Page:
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Call It the Abu Ghraib Memo
"Yoo's 2003 memo arrived amid strong Pentagon debate about which interrogation techniques should be allowed and which might lead to legal action in domestic and international courts.
"After a rebellion by military lawyers, then-Defense Secretary Donald H. Rumsfeld in December 2002 suspended a list of aggressive techniques he had approved. . . .
"Largely because of Yoo's memo, however, a Pentagon working group in April 2003 endorsed the continued use of extremely aggressive tactics. The top lawyers for each military service, who were largely excluded from the group, did not receive a final copy of Yoo's March memo and did not know about the group's final report for more than a year, officials said.
"Thomas J. Romig, who was then the Army's judge advocate general, said yesterday after reading the memo that it appears to argue there are no rules in a time of war, a concept Romig found 'downright offensive.'"
Mark Mazzetti writes in the New York Times: "The thrust of Mr. Yoo's brief has long been known, but its specific contents were revealed on Tuesday after government lawyers turned it over to the American Civil Liberties Union, which has sought hundreds of documents from the Bush administration under the Freedom of Information Act.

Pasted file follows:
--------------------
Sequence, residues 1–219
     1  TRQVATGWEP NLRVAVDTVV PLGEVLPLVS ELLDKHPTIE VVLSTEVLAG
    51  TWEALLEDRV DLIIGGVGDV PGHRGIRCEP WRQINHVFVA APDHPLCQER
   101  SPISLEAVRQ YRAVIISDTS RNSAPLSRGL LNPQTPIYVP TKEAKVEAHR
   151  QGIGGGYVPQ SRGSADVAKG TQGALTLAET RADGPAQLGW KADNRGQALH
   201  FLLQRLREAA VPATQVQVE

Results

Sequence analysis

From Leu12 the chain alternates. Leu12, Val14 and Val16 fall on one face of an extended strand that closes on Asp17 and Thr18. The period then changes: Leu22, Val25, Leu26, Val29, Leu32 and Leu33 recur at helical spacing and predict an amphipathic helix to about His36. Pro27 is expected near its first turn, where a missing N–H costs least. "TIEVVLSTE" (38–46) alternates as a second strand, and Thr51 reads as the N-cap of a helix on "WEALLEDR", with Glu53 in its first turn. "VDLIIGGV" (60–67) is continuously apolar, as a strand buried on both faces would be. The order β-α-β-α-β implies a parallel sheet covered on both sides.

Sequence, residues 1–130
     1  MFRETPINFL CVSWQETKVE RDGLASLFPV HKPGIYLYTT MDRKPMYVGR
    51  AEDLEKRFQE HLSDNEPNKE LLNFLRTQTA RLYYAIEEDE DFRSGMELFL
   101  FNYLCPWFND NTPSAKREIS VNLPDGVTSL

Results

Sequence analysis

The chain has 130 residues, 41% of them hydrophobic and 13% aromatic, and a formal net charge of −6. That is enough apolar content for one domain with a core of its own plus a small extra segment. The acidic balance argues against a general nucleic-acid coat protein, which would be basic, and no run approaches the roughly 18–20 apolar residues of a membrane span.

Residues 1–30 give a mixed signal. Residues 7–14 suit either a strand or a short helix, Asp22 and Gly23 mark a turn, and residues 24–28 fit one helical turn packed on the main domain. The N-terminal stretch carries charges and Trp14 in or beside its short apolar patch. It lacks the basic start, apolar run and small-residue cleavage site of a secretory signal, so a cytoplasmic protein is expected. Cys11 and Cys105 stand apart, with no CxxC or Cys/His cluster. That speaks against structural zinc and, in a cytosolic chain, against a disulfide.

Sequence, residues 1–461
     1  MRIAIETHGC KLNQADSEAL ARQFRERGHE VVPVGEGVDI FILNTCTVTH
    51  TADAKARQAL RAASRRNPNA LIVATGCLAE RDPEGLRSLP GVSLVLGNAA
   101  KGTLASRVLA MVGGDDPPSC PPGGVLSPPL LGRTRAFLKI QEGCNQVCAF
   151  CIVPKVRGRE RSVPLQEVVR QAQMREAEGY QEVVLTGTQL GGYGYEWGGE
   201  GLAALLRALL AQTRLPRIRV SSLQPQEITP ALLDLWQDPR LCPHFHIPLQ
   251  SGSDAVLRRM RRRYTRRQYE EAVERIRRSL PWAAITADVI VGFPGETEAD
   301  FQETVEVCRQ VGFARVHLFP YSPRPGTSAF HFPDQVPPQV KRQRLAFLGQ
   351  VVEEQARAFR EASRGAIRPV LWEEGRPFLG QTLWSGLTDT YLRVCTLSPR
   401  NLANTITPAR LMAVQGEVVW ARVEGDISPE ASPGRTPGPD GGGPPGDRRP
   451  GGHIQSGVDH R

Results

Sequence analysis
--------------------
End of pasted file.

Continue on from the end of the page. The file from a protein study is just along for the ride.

"Some legal scholars said Tuesday that they were amazed at the scope of the memorandum.
"'This is a monument to executive supremacy and the imperial presidency,' said Eugene R. Fidell, who teaches military justice at Yale Law School and the Washington College of Law at American University. 'It's also a road map for the Pentagon for fending off any prosecutions.' . . .
"Amrit Singh, a lawyer for the American Civil Liberties Union, said that the Yoo memorandum seemed to give military interrogators 'carte blanche' to use any techniques and suggested that it was the legal underpinning for abuses that occurred months later at the Abu Ghraib prison in Iraq."
Lara Jakes Jordan writes for the Associated Press: "The 81-page legal analysis largely centers on whether interrogators can be held responsible for torture if torture is not the intent of the questioning. And it defines torture as the intended sum of a variety of acts, which could include acid scalding, severe mental pain and suffering, threat of imminent death and physical pain resulting in impaired body functions, organ failure or death.
"The 'definition of torture must be read as a sum of these component parts,' the memo said.
"The memo also includes past legal defenses of interrogations that Yoo wrote are not considered torture, such as sleep deprivation, hooding detainees and 'frog crouching,' which forces prisoners to crouch while standing on the tips of their toes....
"The memo concludes that foreign enemy combatants held overseas do not have defendants' rights or protections from cruel and unusual punishment that U.S. citizens have under the Constitution. It also says that Congress 'cannot interfere with the president's exercise of his authority as commander in chief to control the conduct of operations during a war.'